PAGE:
The Guardian's environmental section is either a treasure trove of outlandish claims or a terrifying vision of the future, depending on your belief.
From the harmless fluff of newspaper astrology to battles in the skies via the visitations of alien beings, men have sought (or claimed) to read the future from the skies. Most such beliefs have long ago been consigned to the Oddments of History drawer - picked over by the curious for entertainment or to lend credence to more modern beliefs, reinterpreted through modern eyes as predecessors to fads of the time.
But perhaps we ourselves are labouring under such a collective delusion with as much (maybe even more) presence and influence in our lives: catastrophic climate change.
At one time, atmospheric phenomena such as storms and tornadoes lacked a theoretical framework in which to exist. Thus, they were seen as terrifying visitations of God's wrath, or as portents of some future doom or glory. So it was that contemporary chroniclers related their appearance in those terms. To give a famous example - the violent storm that destroyed half of the Spanish Armada in 1588 was reported as a sign of the divine righteousness of England's cause against her Spanish foe. Medals at the time were minted with the phrase "Flavit Jehovah et Dissipati Sunt" - literally: "Jehovah blew with His winds, and they were scattered." The defeat of the Spanish Armada was not merely a case of martial achievement but an instance of God directly intervening in human affairs and handing victory to the English. How seriously this belief was taken is uncertain, but even from a cultural standpoint that anyone could advance such a thought and not be laughed out of existence indicates the gulf between the modern world and the society of the time.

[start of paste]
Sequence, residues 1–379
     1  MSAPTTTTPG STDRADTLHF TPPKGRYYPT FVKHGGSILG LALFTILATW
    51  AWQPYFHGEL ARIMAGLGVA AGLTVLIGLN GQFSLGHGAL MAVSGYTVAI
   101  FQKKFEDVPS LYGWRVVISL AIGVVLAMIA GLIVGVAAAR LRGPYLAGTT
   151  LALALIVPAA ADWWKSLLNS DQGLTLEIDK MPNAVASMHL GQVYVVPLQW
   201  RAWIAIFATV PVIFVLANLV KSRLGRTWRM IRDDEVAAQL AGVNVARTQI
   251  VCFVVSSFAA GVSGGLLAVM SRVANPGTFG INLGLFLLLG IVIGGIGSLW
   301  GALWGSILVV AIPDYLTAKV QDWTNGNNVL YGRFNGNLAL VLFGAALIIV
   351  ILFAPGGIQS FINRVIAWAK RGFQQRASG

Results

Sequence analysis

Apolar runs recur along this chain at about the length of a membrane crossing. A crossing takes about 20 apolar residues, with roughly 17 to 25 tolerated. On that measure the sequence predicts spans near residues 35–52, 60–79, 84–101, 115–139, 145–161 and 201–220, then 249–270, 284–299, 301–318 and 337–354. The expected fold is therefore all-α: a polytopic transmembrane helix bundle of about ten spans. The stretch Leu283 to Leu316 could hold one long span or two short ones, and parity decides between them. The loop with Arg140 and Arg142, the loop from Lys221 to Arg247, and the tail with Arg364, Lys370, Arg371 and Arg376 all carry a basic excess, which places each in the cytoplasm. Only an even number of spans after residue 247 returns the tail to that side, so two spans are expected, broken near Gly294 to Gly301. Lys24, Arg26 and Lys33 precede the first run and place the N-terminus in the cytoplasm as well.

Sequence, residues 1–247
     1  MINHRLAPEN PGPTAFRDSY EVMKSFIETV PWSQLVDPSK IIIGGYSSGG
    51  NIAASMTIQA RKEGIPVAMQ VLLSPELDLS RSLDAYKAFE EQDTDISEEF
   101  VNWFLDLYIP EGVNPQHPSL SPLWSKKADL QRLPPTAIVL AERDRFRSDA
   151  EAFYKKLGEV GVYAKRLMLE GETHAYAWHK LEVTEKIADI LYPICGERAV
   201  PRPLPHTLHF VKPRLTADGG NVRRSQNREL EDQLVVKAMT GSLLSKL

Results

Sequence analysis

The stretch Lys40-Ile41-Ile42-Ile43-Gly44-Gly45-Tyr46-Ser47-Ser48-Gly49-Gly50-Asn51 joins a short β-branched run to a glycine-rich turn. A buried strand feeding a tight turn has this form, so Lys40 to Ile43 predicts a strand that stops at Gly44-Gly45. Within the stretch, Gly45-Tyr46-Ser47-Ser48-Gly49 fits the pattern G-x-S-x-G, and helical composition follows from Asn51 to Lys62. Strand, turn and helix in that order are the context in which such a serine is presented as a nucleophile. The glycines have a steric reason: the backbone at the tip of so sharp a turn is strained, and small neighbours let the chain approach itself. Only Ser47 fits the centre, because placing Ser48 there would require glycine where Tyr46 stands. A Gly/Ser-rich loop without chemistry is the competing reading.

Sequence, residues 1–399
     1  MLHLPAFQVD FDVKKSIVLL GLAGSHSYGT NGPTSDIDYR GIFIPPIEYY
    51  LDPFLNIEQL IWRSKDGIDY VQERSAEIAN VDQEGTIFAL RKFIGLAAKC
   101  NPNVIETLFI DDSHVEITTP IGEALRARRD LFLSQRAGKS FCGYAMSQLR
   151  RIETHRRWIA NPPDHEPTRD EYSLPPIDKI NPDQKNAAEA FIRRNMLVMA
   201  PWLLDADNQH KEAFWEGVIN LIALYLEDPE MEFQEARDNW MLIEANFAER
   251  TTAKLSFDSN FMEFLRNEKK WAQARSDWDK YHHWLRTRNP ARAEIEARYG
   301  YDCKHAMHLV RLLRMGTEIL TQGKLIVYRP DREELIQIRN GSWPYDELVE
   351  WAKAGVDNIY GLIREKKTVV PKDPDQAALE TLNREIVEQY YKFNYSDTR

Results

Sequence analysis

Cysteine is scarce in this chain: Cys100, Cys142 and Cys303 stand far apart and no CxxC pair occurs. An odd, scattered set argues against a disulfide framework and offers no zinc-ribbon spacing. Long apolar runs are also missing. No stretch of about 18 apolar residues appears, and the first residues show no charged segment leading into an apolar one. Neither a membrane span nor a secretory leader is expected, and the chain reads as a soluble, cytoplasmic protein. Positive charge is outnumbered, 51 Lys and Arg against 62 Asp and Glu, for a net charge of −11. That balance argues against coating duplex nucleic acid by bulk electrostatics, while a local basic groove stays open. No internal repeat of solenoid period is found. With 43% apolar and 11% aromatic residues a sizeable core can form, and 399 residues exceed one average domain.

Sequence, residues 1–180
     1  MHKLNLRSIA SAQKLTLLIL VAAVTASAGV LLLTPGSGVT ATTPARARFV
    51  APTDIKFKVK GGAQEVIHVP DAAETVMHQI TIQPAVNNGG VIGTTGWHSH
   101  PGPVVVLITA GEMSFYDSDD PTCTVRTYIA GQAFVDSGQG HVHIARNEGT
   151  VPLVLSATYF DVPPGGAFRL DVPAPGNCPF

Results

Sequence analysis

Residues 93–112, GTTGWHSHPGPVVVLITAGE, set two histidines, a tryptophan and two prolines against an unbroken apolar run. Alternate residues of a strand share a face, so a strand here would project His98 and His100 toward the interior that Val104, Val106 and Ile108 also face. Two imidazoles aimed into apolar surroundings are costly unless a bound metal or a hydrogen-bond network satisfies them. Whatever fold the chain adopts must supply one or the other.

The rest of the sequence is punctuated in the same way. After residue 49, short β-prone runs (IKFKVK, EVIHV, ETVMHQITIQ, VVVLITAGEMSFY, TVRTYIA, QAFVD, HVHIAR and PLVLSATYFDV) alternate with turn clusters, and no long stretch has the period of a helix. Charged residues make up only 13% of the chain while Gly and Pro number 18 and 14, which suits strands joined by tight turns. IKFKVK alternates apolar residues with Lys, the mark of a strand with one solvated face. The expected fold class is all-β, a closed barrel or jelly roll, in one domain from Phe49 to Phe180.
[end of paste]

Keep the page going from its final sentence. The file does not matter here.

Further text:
Prior to the industrial revolution, urbanisation and the mechanisation of agriculture, our relationship with the heavens was also direct and very real. A poor summer could cause a bad harvest and resultant famine and the deaths of countless thousands (such as the 'Great Famine' of 1315-17 which cost the lives of an millions of Europeans). The Simonie (commonly known as the "The Poem on the Evil Times of Edward II" - authorship unknown, and dated around 1322) is a further explicit statement of the belief that God could and did intervene in humanity's affairs. Referring specifically to the Great Famine, the author tells us:
"When God saw that the world was so over proud,
He sent a dearth on earth, and made it full hard.
A bushel of wheat was at four shillings or more,
Of which men might have had a quarter before....
And then they turned pale who had laughed so loud,
And they became all docile who before were so proud.
A man's heart might bleed for to hear the cry
Of poor men who called out, 'Alas! For hunger I die"
The Great Famine arose when the fertile period of the Medieval Warm Period ended with a run of poor summers. During the preceding period of warm weather, the population had boomed and the sudden collapse in grain and cereal production meant that food shortages quickly overcame the population.
Not for nothing, then, did monarchs employ official astrologers to help them divine the meaning of atmospheric events.
As science's understanding of cloud formations and weather systems grew, such tropes began to appear with less frequency, lingering on in our culture primarily as a dramatic device in fiction (see Shelley's Frankenstein or the Sherlock Holmes stories for concrete examples).